Superman does a lot in his newest adventure. Archvillain Lex Luthor, determined to make the world safe for nuclear arms merchants, creates a new being to challenge the Man of Steel: the radiation-charged Nuclear Man. The two super-powered foes clash in an explosive screen extranvaganza that sees Superman save the Statue of Liberty, repulse a volcanic eruption of Mount Etna, rebuild the demolished Great Wall of China and perform many more spetactular feats.Written by
Robert Lynch <firstname.lastname@example.org>
When Jeremy appears at the press conference, his response to the reporters is "I wish Superman would've said yes." The Daily Planet publishes the headline as "Superman Says Drop Dead to Kid!" In 1975, when New York City was facing bankruptcy, Mayor Abraham Beame asked the government for a federal bailout, and President Gerald Ford gave a speech denying federal assistance to New York City, and the New York Daily News published the story with the headline "Ford to City: Drop Dead", misquoted words which Ford never himself said when turning down New York City's request for federal relief. See more »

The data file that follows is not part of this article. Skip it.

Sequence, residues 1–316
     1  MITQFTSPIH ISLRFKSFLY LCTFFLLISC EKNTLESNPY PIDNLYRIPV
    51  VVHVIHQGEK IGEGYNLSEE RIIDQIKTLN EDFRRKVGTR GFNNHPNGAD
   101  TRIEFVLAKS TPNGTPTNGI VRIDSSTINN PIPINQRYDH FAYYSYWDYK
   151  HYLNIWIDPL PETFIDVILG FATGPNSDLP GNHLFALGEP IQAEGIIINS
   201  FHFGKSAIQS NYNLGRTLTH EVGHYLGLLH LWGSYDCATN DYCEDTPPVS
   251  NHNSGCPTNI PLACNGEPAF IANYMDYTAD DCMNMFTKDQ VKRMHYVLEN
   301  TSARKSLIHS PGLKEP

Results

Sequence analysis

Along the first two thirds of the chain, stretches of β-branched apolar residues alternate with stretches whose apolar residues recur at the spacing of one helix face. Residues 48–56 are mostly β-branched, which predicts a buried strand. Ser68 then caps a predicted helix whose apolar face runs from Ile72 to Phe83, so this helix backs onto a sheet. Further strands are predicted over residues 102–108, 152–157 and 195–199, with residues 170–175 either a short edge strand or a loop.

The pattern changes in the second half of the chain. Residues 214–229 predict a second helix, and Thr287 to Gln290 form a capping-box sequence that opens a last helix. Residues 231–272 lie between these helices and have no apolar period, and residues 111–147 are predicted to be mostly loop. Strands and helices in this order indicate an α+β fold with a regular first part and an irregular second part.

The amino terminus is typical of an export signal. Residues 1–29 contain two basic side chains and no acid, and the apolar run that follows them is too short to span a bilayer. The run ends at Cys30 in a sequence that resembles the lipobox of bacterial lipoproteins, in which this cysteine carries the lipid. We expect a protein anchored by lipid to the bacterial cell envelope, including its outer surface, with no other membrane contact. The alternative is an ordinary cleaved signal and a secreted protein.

The trains and the subway system are part the London Underground, not New York's subway system. See more »
SUPERMAN IV: THE QUEST FOR PEACE pits the Man of Steel against Nuclear Man, Lex Luther's newest creation while ridding the world of nuclear weapons. This is easily the worst of the SUPERMAN movies, and it was doomed to fail right from the start. Cut from its original 134-minute version, it is full of plot holes resulting in a movie with some scenes that just don't make any sense, but even with the extra 45 minutes intact, the movie still wouldn't work because the special effects are cheap and ridiculous, and it shows. Unless you are a diehard fan of the Superman genre, this movie should be avoided.
1 out of 5
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